dihydrobenzofurans which occur in species of the genus Dalbergia (Leguminosae). The singlets around T 3.3 and 3.5 of all three spectra can only be assigned to the aromatic protons of the benzodihydrofuran moiety. The para relationship of these protons is thus clearly indicated not only for obtusafuran (Xa) and melanoxin (XI), but also for the 2,fdihydrobenzofuran generated from burchellin. Accordingly melanoxin and the burchellin derivative should possess identical oxygenation patterns. That this is the [email protected]
shown by the similarity of their W spectra: Melanoxin, h,,, 207, 233 infl., 291, 305 nm (c 33 900, 12 000, 5350, 6300);6 burchellin derivative, h,,, 207,233 infl., 296,305 infl. nm (E 34 000, 12 500,ll 500, 9500). Furthermore, while indeed the NMR-spectra of (+)-obtusafuran (Xa), (-)-melanoxin (XI) and the burchellin derivative are comparable also with respect to the chemical shifts of the proton on C-2 and the methyl group on C-3 (Table 2), the spectrum of the synthetic (f)-cis-2,3-dihydrobenzofuran (Xb) is different (T 4.27 for H-2 and 9.26 for Me-3).5 A trans-2,3_dihydrobenzofuran structure can therefore be assigned to the burchellin derivative. This must possess the (2S,3s)-absolute configuration of (-)-melanoxin (XI), since the ORD-data of the two compounds are closely comparable and antipodal to the data registered for (2R,3R)-obtusafuran (Table 3). Thus, the 2,3-dihydrobenzofuran derivative of burchellin can be represented by the structures XII (a or b). At this stage, however, it is TABLE 3. ORD
311 312 282 284 288 261 264 270 240 241
BX’lRBMA () OP trans-2-~n-3-M&~2,3-DlHYDROBENZOFUBANS
+3150 -2360 +8700 +10 450 +2040 -1130 +414O +6830
‘ID. M. X. DoNNBLLY, private communication (1971). s B. T. RBDMAN, Ph.D. Thesis, p. 96, University of Sheffield F5-lYro 1116-L
0. ARA~JO LIMA,O.R. GO~TLIEBand M.TAVEIRA MA~ALHAES
irrelevant to establish which of the alternatives is the correct one, since both point to VIb as the only structural possibility for burchellin. This can now be expanded into alternative structures XIII and XIV.
Me H b
Me H Me
Burchellin is stable in N-methanolic KOH solution at reflux temperature, but under more vigorous conditions (4 N methanolic KOH), it is transformed into a crystalline derivative. This is not a degradation product, since in acid solution it reverts to a product which is chromatographically indistinguishable from the starting material. Indeed, its molecular weight is 18 mass units higher than that of burchellin. The IR spectrum reveals the presence of hydroxyl (u,,,,, 3350 cm-l) and of two carbonyls, one in saturated environment (%?a, 1715 cm-l) and one conjugated to a double bond ( vmax1658 cm-‘). These results can best be rationalized in terms of the formation of XV, which points to XIII as the correct structure of burchellin, and to XIIa as the structure of the derived 2,3-dihydrobenzofuran. NMR spectral data confirm the formulation XV for the hydrolytic product. While the signals due to the hydrogens of the piperonyl and the ally1 portions of its molecule are present in the same form as in the NMR spectrum of burchellin itself, the doublet due to the benzylic proton shows now a much reduced coupling constant (J 5.6 Hz against 9.5 Hz, see H” in Table I), typical of vicinal coupling in open chains. Furthermore, in comparison with the spectrum of the original burchelhn (Table I), the chemical shift of this signal (T 5.30), as well as of the C-methyl doublet (T 8.69, J 7.4 Hz), suffered substantial alterations, indicating that structural modifications must have taken place at these sites. The clearest evidence, however, refers to the ahphatic ring of structure XV, which is associated in the NMR spectrum with three sharp singlets at T 4.70 (=CH), 6.43 (=C-OCIJs) and 7.02 (CO. CH, . CO). The equivalence of the methylene protons which thus becomes apparent, demonstrates the conformational mobility which the ring gained upon opening of the tetrahydrofuran unit of burchellin. The mass spectrum of the hydrolytic product also favours the previous deductions. Fragmentation into the oxonium ion of m/e 151 (Scheme I), to be expected for this bicyclic compound (XV), is of course not observed during the electron bombardment of the tricyclic burchellin (XIII) itself. Practically with the exception of the peak at m/e 162 however, the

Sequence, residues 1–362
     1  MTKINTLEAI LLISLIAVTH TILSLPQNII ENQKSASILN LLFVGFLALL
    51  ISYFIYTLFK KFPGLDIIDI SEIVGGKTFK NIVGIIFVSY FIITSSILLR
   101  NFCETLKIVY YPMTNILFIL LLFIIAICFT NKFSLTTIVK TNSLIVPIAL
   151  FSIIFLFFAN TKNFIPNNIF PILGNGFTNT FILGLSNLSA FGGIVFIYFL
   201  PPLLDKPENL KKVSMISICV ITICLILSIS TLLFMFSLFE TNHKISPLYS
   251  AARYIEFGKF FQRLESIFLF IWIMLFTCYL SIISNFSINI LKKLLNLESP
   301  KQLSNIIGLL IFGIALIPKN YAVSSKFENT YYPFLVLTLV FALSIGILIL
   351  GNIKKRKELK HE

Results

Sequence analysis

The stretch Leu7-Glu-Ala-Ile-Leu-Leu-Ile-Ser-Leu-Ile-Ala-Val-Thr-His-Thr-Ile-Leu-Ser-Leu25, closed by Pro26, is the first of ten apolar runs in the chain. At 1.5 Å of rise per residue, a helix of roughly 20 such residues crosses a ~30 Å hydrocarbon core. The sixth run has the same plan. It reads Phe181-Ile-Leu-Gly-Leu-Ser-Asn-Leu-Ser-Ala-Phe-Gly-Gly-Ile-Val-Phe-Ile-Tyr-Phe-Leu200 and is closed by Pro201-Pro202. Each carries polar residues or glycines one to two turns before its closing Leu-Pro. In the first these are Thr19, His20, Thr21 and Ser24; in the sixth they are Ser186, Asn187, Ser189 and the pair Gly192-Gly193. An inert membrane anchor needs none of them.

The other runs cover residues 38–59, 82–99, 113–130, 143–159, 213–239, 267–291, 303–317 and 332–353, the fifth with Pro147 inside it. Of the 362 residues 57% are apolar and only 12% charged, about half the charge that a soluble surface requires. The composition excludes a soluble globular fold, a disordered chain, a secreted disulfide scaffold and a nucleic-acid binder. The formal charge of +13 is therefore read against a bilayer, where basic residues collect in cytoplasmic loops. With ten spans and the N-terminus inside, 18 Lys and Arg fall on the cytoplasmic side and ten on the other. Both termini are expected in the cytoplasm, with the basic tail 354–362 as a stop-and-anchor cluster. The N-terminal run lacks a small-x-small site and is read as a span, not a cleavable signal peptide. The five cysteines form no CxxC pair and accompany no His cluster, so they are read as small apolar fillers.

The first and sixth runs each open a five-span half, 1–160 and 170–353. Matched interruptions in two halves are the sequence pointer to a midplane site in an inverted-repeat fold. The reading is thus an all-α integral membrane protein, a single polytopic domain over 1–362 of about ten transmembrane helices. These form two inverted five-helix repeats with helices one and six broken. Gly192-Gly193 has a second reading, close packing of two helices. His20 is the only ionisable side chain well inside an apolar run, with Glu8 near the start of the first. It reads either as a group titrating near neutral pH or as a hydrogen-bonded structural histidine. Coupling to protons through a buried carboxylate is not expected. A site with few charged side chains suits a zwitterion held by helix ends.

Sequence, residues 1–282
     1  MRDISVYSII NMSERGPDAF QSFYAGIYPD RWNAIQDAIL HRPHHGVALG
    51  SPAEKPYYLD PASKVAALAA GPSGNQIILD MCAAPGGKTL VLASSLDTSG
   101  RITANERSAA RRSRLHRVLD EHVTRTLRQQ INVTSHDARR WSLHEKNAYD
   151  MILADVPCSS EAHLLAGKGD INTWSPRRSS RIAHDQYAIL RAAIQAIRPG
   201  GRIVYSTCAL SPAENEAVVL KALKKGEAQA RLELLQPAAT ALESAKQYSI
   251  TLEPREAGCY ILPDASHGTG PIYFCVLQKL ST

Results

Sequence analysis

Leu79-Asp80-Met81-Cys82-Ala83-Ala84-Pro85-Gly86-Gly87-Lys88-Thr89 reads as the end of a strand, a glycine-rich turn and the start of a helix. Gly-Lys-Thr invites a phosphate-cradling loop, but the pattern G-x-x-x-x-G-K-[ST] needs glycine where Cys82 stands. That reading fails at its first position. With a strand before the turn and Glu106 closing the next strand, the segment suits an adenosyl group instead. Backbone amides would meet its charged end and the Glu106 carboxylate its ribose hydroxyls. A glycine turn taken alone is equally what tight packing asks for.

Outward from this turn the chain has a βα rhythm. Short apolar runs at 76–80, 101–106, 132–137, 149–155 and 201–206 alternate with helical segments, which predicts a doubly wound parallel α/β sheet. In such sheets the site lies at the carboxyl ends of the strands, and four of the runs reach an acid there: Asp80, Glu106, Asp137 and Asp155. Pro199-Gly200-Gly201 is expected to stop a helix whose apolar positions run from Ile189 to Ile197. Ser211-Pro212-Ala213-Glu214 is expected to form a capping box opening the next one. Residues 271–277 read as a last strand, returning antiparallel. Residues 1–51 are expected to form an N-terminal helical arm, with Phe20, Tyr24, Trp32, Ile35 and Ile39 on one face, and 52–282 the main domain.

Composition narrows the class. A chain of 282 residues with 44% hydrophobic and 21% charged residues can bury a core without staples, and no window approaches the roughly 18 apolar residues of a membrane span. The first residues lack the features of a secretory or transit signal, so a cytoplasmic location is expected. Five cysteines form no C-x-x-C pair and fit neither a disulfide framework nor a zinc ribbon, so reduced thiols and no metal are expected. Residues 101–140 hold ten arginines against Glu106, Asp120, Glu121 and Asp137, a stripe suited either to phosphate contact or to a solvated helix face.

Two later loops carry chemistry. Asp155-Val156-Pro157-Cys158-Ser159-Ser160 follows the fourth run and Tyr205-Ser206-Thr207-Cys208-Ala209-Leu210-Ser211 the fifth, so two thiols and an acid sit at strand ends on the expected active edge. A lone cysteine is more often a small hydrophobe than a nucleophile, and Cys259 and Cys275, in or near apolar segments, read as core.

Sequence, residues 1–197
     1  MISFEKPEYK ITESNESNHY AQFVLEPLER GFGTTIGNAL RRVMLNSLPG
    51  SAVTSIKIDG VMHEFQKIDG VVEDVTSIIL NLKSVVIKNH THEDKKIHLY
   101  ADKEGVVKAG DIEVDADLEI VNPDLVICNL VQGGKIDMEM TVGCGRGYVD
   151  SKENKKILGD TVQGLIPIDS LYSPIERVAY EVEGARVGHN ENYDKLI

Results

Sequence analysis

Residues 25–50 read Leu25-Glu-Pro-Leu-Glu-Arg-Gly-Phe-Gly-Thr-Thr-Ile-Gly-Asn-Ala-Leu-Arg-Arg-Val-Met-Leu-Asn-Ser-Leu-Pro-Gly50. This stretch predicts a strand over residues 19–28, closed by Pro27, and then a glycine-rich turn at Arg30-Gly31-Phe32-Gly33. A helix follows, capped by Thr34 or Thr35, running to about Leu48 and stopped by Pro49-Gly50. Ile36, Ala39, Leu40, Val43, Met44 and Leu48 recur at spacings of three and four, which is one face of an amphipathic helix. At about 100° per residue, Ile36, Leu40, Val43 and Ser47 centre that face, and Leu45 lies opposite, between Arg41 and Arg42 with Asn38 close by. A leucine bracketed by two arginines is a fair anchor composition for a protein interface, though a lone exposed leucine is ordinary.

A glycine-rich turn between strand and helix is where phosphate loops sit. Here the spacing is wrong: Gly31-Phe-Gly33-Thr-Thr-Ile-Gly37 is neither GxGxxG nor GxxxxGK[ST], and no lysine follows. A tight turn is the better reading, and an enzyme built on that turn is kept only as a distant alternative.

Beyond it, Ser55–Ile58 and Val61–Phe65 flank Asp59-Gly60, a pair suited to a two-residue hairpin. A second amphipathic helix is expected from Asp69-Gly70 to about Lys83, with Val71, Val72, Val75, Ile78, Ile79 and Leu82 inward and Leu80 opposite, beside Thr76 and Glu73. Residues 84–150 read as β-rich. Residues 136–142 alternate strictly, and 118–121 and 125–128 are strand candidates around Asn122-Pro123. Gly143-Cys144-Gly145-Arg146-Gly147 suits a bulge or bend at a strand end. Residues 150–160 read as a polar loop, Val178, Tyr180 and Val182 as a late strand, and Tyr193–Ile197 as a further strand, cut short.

Burchellin from Aniba burchellii M-18-41-28
t M - 18 - 41
( 16% 1
M - 18
c&H l+o 150 (56%)